Basketball Wiki
Washington State Cougars
School Name: Washington State University
Location: Pullman, Washington
Arena: Beasley Coliseum
Capacity: 11,566
Conference: Pac-10
Head coach: Ken Bone

The Washington State Cougars Men's Basketball team represents Washington State University and competes in the Pacific-10 Conference (Pac-10) of NCAA Division I. The Cougars play their home games at Beasley Coliseum, which has a capacity of 11,566.

Men's basketball is the second-most popular sport at Washington State, although its popularity is rapidly increasing after the 2006-2007 season.[1]


In 1936, the Cougars were retroactively awarded the 1917 National Championship by the Helms Athletic Foundation.[2] The Cougar basketball team holds the dubious record of participating in the lowest scoring National Championship basketball game in Division I history, losing to Wisconsin 39-34 in the 1941 National Championship Game. The team played to large crowds in the late-1970s when George Raveling was head coach.

For the better part of seven decades, the Cougars were a consistent contender in the Pac-10 and its predecessor, the Pacific Coast Conference. However, after Kelvin Sampson left for Oklahoma in 1994, the program floundered for most of the rest of the 1990s and the early part of the 21st century. However, there was the beginning of a resurgence under coach Dick Bennett. The 2004-05 season saw a large increase in student support as the team finished within a few wins of a .500 record (along with a stunning upset win against eventual Elite Eight team Arizona). Bennett retired at the end of the 2005-06 season and was replaced by his son, Tony. Before becoming head coach, Tony Bennett spent three seasons as an assistant to his father, the last three seasons as head coach before leaving for the University of Virginia.Template:Citation needed


In 2007, following a win against then No. 7 Arizona, the Cougars appeared in the Associated Press Top 25 poll for the first time since 1983. Picked to finish last in the Pac-10 in a pre-season media poll, the Cougars surprised everyoneTemplate:Who by finishing second in the conference and peaking with a No. 9 ranking.Template:Citation needed The Cougars earned a #3 seed in the NCAA Tournament and beat Oral Roberts 70–54 in the first round. The Cougars then lost to Vanderbilt in the second round 78–74 in double overtime. Their final record was 13–5 in the Pac-10 and 26–8 overall, which tied the school record for most wins in a season. During the 2006–07 season, the Cougars swept rival Washington, Arizona, Arizona State, USC, Oregon State, and California. In the tournament, the coaching staff wore a pin saying TAY, which stood for Turn-Around Year. After the season, Coach Tony Bennett received the Naismith Coach of the Year award, the highest honor for a college basketball coach.


In 2008, the Cougars returned to the NCAA Tournament. The Cougars earned a #4 seed and were matched up against #13 seed Winthrop University. The Cougars dominated in the second half after a 29–29 tie in the first half to finish 71–40, far beyond the 9 point margin they were favored by.[3]

The second round put them up against #5 seed Notre Dame who was favored by 2.5 points.Template:Citation needed The Cougars surprised the media and viewers nationwide.Template:Citation needed The Cougars were in control throughout the contest and ended the game with a 61-41 victory. Held to 41 points, the Fighting Irish finished their final game well below their points per game average.Template:Citation needed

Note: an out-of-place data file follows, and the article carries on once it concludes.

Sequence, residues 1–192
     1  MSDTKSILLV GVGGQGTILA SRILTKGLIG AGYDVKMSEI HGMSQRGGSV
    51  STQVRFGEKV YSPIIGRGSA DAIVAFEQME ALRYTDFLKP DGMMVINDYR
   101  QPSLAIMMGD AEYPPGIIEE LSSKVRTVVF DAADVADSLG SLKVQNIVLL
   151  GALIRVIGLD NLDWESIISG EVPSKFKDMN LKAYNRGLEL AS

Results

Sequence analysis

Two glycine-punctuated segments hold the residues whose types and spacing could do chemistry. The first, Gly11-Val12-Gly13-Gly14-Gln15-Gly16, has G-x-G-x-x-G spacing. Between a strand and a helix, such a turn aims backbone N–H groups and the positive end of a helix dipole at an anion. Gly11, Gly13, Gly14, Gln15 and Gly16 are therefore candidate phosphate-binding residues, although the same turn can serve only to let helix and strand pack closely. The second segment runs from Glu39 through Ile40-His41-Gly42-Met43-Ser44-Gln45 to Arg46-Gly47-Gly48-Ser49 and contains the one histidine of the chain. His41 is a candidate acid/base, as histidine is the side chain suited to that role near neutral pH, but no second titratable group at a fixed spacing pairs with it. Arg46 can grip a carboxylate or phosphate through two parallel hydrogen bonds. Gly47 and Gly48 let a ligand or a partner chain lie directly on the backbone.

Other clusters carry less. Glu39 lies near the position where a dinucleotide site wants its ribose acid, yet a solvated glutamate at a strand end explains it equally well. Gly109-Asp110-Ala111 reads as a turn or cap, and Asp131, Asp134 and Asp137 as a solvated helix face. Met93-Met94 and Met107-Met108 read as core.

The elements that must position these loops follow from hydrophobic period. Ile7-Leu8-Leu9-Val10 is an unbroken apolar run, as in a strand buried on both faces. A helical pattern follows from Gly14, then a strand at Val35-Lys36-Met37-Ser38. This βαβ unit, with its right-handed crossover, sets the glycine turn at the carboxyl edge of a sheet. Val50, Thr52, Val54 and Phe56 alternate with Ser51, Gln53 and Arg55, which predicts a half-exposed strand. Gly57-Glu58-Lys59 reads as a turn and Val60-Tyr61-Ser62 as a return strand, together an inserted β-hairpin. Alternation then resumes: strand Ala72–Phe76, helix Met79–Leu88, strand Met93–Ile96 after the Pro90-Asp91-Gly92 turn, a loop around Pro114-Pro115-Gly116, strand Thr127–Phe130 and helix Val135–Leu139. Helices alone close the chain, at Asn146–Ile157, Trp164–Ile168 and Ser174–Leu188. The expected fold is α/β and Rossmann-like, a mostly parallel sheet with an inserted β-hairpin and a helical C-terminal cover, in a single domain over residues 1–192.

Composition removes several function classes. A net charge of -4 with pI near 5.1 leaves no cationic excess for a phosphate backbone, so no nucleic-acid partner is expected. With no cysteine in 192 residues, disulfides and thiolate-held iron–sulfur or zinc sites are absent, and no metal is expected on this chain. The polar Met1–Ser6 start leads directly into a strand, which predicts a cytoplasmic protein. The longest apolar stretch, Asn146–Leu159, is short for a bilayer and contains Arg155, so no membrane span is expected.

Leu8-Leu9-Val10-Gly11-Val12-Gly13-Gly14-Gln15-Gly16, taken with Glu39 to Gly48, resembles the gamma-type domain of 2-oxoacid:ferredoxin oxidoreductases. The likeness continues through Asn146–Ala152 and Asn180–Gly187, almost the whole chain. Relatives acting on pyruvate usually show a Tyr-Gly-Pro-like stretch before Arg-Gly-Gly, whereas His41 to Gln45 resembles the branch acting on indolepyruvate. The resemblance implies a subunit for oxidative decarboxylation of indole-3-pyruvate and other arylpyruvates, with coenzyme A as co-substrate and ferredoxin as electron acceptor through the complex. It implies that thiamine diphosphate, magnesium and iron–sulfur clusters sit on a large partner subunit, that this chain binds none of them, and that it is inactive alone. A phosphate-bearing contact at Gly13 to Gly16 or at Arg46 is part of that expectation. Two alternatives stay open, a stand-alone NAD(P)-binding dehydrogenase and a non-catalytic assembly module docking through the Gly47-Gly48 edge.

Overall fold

After two straight victories in the NCAA Tournament, the Cougars headed to the Sweet Sixteen for the second time in school history. In the Sweet Sixteen, Washington State was matched against the #1 overall seed North Carolina. During the first half, both teams seem evenly matched, but North Carolina took control in the second half and ended up winning by a score of 68–47.[4] The Cougars finished the 2007–08 season with a record of 26–9.


Head coach Tony Bennett announced that he was leaving Washington State to take the head coaching job at Virginia following the 2008-09 season.[5] Bennett, who became head coach after his father Dick Bennett's retirement, finished the season with a 17-16 record. The previous years, he led the Cougars to consecutive NCAA tournament appearances. Both the father and son coached for three years at the school.

John B. Evans (1902–03)
James N. Ashmore (1904–05)
Everett M. Sweeley (1906–07)
John R. Bender (1908)
J. Fred Bohler (1909–26)
Karl Schlademan (1927–28)
Jack Friel (1929–58)
Marv Harshman (1959–71)
Bob Greenwood (1972)
George Raveling (1973–83)
Len Stevens (1984–87)
Kelvin Sampson (1988–94)
Kevin Eastman (1995–99)
Paul Graham (2000–03)
Dick Bennett (2003–06)
Tony Bennett (2006–09)
Ken Bone (2009- )

Postseason results

NCAA Tournament

The Cougars have appeared in six NCAA Tournaments. Their combined record is 6–6.

Year Round Opponent Result/Score
1941 First Round
Final Four
Championship Game
W 48–39
W 64–53
L 39–34
1980 First Round Pennsylvania L 62–55
1983 First Round
Second Round
Weber State
W 62–52
L 54–49
1994 First Round Boston College L 67–64
2007 First Round
Second Round
Oral Roberts
W 70–54
L 78–74 2OT
2008 First Round
Second Round
Sweet Sixteen
Notre Dame
North Carolina
W 71–40
W 61–41
L 68–47


The Cougars have appeared in five National Invitation Tournaments. Their combined record is 7–4.

Year Round Opponent Result/Score
1992 First Round
New Mexico
W 72–70
L 79–71
1995 First Round
Sweet Sixteen
Elite Eight
Texas Tech
Illinois State
W 94–82
W 83–80
L 99–80
1996 First Round
Sweet Sixteen
W 92–73
L 82–73
2009 First Round Saint Mary's L 68–57
2011 First Round
Second Round
Long Beach State
Oklahoma State
Wichita State
W 85–74
W 74–64
W 69–66 (OT)
March 29th


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